Finding The GOAT (Round 5): Eminem vs. Busta Rhymes…Who You Got?
With just 11 MCs remaining we have reached the critical Round 5 in the ultimate battle for the title of the GOAT (Greatest of All-Time). Now, only five match-up’s—all running this week—separate Round 5 from the final six MCs, including Round 4 bye winner Big Daddy Kane. Since the elimination, bracket-style tournament was launched in September of 2014, including more than 200 overall MCs, there have been four completed rounds, featuring contenders from all eras of Hip-Hop, including Wild Card series (with optional write-in’s). The 11 remaining MCs have been undefeated. Big Daddy Kane will skip Round 5, thanks to his largest winning margin in Round 4. In Round 5, MCs will also take on opponents outside of their era—a first in the series thus far. We are officially less than one month away from “Finding The GOAT,” as decided by you.
Two of Hip-Hop’s greatest masters of evolution are Eminem and Busta Rhymes. Collaborators, friends, and for a brief stint, label-mates, these MCs are two of Rap’s most bombastic and intricate lyricists, capable of rapid-fire assaults or slow flow think pieces. Through Bad Meets Evil, Leaders Of The New School, D12, and Flipmode Squad, these two MCs have carried their fans with them, in light times and dark, no matter the substance, pastiche, or production. Exceptional MCs, both Em’ and Bus’ are also rappers, delivering precision verses and a high level of skill to millions upon millions of fans. While Slim Shady continues to roll over competition with more than double the votes in each of his three show-downs, Busta has been able to box out some supreme contenders in his own right. Who will advance to the next round? Your vote decides. (click one to vote)
Voting For Round 5 is now closed. Stay up to date with the latest Finding The GOAT brackets
Eminem may be the MC who single-handedly ended one of Hip-Hop’s laziest eras for lyrics upon his late 1990s arrival. Self-deprecating, impassioned, and wildly imaginative, Marshall Mathers came in through Rap’s screen door as an underground Hip-Hop MC running with The Outsidaz, DJ Spinna, and SKAM2?. However, it was Em’s three-ring battle performances and uncanny ability to freestyle top-quality verses that landed his tape on Dr. Dre’s desk. Once there, Slim Shady combined his hardcore Hip-Hop past with big budget videos, A-list guests, and masterful conceptual production to make him a diamond-selling icon that seemingly was the genre’s biggest superstar since 2Pac and The Notorious B.I.G.
Eminem’s career touches upon all facets of Hip-Hop, from battling, to true school, to Gangsta Rap, and everything in between. Arguably, Em has the most innovative flow since the late 1980s, with the ability to rhyme fast, slow, and in between on the same track. Like a percussion instrument, Marshall’s gift of gab employs syncopation and a pinball rhyme style to complement the elaborate content. In his writing, Eminem can be brutally honest about himself and others, while also being whimsical, harshly critical of the world at large, and wildly entertaining in social commentary. He is Lenny Bruce, Mike Tyson, and Masta Ace in one modern man. With classic, cohesive albums, Academy Award-winning (and Grammy Award-winning) songs, and a style that’s the envy of all of Eminem’s Rap peers, predecessors, and pupils, how could he not be the GOAT?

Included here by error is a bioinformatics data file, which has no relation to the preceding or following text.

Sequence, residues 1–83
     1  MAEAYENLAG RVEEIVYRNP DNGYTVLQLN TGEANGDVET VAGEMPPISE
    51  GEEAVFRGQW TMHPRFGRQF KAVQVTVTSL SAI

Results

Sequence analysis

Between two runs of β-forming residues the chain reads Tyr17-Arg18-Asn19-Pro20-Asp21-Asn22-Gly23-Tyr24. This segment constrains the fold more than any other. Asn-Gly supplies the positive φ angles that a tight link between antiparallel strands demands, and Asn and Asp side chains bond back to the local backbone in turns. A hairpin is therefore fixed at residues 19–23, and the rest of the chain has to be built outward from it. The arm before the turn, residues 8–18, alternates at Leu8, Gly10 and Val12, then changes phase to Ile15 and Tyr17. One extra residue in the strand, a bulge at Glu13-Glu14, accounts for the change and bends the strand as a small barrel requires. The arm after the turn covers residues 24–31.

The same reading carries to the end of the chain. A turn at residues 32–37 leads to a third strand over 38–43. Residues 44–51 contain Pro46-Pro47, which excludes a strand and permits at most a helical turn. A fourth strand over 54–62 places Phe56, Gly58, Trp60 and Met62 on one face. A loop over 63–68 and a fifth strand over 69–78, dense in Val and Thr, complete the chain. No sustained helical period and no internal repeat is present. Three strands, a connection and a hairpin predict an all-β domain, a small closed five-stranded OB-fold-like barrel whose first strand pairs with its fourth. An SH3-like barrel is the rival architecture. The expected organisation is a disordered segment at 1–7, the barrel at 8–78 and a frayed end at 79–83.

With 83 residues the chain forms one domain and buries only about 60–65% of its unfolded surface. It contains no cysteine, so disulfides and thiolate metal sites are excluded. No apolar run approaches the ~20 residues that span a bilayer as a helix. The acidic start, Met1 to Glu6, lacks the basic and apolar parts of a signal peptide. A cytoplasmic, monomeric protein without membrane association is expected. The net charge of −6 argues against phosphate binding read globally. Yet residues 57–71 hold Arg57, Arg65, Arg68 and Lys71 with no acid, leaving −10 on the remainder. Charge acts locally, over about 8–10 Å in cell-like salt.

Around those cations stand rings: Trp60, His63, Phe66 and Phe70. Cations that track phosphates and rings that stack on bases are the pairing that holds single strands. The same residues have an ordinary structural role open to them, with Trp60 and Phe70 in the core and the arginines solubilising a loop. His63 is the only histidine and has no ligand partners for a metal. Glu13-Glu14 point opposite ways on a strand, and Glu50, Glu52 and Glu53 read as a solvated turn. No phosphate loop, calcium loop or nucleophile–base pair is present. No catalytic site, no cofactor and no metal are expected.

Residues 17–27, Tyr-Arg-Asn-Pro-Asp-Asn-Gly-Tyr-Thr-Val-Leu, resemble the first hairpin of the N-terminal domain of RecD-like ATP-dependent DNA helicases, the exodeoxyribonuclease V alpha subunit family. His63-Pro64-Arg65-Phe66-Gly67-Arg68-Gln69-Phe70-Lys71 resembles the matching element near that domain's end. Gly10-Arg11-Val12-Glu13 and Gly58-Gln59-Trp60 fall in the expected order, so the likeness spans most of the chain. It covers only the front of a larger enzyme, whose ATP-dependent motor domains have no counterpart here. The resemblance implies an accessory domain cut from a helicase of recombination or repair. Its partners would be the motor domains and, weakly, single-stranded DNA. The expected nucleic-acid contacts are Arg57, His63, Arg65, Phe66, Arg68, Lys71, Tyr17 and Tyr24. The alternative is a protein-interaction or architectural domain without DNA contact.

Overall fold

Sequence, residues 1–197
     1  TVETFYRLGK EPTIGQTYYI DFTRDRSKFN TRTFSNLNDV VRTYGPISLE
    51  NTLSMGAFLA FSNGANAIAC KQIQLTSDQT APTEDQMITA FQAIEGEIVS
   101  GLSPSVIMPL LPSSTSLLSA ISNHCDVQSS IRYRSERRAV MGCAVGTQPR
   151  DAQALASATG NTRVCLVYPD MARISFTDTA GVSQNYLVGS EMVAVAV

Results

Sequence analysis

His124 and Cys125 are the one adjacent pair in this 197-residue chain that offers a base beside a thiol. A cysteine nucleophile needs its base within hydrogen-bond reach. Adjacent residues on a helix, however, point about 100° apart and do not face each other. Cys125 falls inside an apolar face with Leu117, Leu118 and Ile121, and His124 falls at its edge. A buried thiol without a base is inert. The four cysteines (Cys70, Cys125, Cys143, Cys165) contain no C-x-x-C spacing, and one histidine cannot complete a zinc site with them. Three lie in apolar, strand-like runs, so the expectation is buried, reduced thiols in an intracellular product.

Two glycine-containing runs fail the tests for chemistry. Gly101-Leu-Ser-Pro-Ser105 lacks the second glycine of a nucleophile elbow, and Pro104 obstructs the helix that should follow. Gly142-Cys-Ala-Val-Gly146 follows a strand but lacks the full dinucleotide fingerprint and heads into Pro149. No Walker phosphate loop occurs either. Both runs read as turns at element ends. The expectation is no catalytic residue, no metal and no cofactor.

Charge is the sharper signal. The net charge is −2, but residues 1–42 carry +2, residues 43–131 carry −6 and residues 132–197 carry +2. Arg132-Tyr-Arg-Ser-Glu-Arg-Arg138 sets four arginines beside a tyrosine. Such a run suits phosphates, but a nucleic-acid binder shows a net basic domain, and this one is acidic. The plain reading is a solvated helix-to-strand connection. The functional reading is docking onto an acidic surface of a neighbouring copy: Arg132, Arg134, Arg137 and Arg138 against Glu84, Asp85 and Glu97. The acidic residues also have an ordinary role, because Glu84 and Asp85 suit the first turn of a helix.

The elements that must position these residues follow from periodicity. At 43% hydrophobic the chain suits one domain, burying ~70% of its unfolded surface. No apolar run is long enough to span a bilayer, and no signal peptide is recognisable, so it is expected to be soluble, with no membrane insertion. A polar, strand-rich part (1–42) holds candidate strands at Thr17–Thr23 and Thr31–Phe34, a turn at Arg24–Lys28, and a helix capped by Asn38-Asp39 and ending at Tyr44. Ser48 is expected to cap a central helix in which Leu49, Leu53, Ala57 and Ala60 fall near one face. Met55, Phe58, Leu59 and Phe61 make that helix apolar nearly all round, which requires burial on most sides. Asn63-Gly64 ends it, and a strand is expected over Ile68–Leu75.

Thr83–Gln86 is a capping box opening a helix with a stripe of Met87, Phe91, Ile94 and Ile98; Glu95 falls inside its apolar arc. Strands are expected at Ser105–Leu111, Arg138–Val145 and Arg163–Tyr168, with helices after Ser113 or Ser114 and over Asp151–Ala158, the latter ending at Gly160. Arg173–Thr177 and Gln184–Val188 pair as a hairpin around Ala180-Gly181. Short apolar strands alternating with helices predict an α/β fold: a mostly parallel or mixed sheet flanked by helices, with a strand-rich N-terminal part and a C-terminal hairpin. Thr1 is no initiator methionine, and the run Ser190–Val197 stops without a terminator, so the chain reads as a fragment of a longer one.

(Fourth Round Winner, Against Ludacris 70% to 30%)
(Third Round Winner, Against Jadakiss 65% to 35%)
(Second Round Winner, Against Killer Mike 72% to 28%)
(First Round Winner, Against Inspectah Deck 59% to 41%)
Among 25 year veterans of commercial Rap, evolving images and changing sounds appear to be a commonality. However, few have been as successful at being dope over the last four decades as Busta Rhymes. Knighted and named by Chuck D, this Long Island native has blitzed Hip-Hop with one of its fastest flows and most versatile deliveries. He’s constantly been able to say meaningful messages since he was a smiling teen in Leaders Of The New School through to his hulking days rolling with Dr. Dre, Lil Wayne, and Eminem.
Like Q-Tip, Ice Cube, or Ghostface Killah, Busta’s breakout begins with shining in a crew (L.O.N.S/Native Tongues) of highly-talented MCs. With an unmistakeable delivery, Busta had a rasp, malleable flow, and unrivaled microphone animation that made him a sought-after guest before guest-work was in vogue. By the mid-1990s, Busta’s outer-worldly vision of album-making made works like The Coming immune to shifting attentions and presentations in Hip-Hop. Busta enjoyed multi-platinum success rapping to masses who were unaware of two great group albums, or his days running in the underground. Rather than adapt East, West, or Southern styles throughout his career, Busta Rhymes has simply rapped his ass off, and favored beats that thumped on dance-floors, headphones, and trunk sub-woofers.
So…who you got?